I had a pretty quiet blogging week last week, which I blame entirely on my purchase of Grand Theft Auto 5. Seriously, it is ridiculously addictive! If this was a video game blog I’d be giving it a perfect score and telling you to go and play it right now! But it’s a beer blog, so I won’t say that…
In between pulling off insane heists, completing assassination contracts, and causing general mayhem, I also managed to squeeze in a few beers (beers and video games, who’d have thought that combo would work?!) So to make up for my laziness last week, I’m going to bring you three…that’s right, THREE…more beers from the epic list this week. The first is one that I thought I was going to find earlier this year, but things didn’t work out the way I planned.
Those that follow this blog will know that I visited Montreal for a holiday earlier this year. One of the highlights was a visit to the Dieu du Ciel! brewpub. I had it on good authority that this was THE beer place to visit in Montreal; the fact that they also brew three beers from the epic list was a bonus. Unfortunately none of these three were available at the time of my visit. So even though I enjoyed many a good beer that day, I was also a little disappointed; if I couldn’t get these three beers at the source, then my chances of trying them were dramatically reduced. So imagine my surprise when I visited the Craft bottle shop in Brisbane and found a four-pack of Dieu Du Ciel beers – two of which are from the list! It was meant to be.
This is the first of the two, beer number 148 off the epic list – Route des Epices.
What’s on the bottle?
Ok, Google translate time: ‘Route des Epices’ is French for ‘Spice Route’. This explains why there’s a picture of some dude with a funky beard, wearing a ship-for-a-hat and a neck ruff – obviously he’s a spice trader from back in the day. Although I guess he could just be a bearded hipster who dresses funky and sells organic spices at the local farmers market? No, there’s a ship in the background as well…let’s stick with the ancient guy theory. All of this spice innuendo is for a good reason of course; this is a rye beer that’s brewed with peppercorns. That’s spice on spice right there.
What’s in the bottle?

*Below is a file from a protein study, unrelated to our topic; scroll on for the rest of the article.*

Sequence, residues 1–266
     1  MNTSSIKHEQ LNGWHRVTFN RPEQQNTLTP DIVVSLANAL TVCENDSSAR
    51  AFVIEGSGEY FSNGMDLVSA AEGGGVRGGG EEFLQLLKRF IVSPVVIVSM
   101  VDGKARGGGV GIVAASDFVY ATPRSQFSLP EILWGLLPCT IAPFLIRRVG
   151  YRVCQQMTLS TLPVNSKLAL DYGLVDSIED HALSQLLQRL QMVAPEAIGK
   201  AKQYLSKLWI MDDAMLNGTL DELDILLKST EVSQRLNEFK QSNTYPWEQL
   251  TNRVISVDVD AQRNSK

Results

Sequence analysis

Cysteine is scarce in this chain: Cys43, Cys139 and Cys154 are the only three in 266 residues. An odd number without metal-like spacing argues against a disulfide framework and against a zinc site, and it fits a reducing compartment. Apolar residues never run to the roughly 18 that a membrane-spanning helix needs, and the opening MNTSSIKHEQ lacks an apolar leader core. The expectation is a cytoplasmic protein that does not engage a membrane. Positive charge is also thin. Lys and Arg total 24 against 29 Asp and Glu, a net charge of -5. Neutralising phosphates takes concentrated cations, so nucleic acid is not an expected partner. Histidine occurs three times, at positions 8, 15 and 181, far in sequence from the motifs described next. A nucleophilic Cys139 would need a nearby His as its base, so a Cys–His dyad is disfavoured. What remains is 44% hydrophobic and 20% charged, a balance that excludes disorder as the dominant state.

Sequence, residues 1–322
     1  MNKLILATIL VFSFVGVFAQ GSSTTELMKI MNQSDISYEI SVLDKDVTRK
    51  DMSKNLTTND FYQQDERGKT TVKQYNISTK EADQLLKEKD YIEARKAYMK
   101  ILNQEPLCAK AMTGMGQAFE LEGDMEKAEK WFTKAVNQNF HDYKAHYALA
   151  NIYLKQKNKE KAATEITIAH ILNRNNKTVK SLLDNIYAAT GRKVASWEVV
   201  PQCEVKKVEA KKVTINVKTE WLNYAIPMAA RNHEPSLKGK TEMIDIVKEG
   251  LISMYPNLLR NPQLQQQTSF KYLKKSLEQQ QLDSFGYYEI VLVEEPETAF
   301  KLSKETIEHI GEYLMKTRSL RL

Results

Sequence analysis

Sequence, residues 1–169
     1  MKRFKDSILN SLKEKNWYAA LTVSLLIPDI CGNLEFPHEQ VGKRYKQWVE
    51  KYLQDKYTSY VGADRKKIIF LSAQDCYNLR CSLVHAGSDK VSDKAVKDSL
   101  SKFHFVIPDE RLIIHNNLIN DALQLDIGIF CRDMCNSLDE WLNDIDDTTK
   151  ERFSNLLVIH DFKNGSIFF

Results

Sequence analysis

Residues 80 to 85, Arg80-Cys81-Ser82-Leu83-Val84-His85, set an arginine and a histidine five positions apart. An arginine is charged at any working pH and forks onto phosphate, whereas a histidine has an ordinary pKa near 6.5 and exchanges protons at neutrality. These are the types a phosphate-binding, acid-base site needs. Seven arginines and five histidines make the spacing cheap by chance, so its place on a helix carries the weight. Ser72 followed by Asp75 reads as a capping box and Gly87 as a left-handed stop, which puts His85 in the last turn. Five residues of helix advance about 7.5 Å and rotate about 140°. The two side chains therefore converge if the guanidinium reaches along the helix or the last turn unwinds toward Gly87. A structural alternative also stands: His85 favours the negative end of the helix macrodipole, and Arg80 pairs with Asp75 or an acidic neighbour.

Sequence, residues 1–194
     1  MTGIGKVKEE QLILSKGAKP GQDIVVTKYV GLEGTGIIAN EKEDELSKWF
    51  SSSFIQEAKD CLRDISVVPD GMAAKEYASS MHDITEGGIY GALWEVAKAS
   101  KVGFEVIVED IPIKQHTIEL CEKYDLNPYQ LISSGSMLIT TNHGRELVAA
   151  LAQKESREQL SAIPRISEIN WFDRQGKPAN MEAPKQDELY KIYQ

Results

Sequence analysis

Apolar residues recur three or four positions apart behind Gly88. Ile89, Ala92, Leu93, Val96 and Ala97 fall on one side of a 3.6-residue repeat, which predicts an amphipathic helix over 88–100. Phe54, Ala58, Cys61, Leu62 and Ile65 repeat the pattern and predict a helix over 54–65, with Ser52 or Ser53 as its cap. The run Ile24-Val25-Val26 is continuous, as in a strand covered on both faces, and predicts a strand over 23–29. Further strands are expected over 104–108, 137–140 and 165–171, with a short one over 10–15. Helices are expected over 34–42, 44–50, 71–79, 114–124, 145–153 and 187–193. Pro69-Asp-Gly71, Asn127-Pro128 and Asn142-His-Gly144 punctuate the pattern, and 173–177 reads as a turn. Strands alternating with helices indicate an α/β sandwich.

Even though I’m well aware that this beer is brewed with peppercorns, the amount of black pepper aroma is still a surprise to me. Seriously, go and grind some black pepper on your beer and smell the results…Route des Epices smells more peppery than that. The very first sip is dominated by the pepper as well, but has enough sweetness behind it to keep things under control.
The spice calms down as you get further in, with the malt contributing a more substantial sweetness in both the aroma and flavour. There’s some cocoa on the nose, and some caramel in the taste that, when mixed with the black pepper, creates a burnt caramel kind of thing. Some dark fruits join the party toward the end, adding a subtle tang. But the pepper king throughout; every sip finishes with a lasting spice that burns the throat ever so slightly on the way down. I’m good with this amount of spice, but it may not be for everyone.
I expected this beer to have spice from the rye, with the peppercorn chiming in subtly…my expectations were way off. This is a pepper beer, with the rye lending no noticeable spice at all. Not that this is a bad thing; this is the first ‘spicy’ beer that I actually enjoyed. I’ve had a few chilli beers in my time and, well, they’ve been awful. Route des Epices on the other hand manages to get the balance between spice and sweetness just right.
As a side note, if this beer wasn’t so difficult to find in Australia, I’d buy some more and marinate my steaks in it. If anyone decides to do that, let me know the results. I bet it’ll be awesome.
Fact from the book…
The brewer got the balance of this beer right with his very first test batch! Which is apparently unheard of in the brewing world? I guess that proves that he’s more of a god than a brewer…god of the sky maybe? (Hopefully the French speakers get that reference…)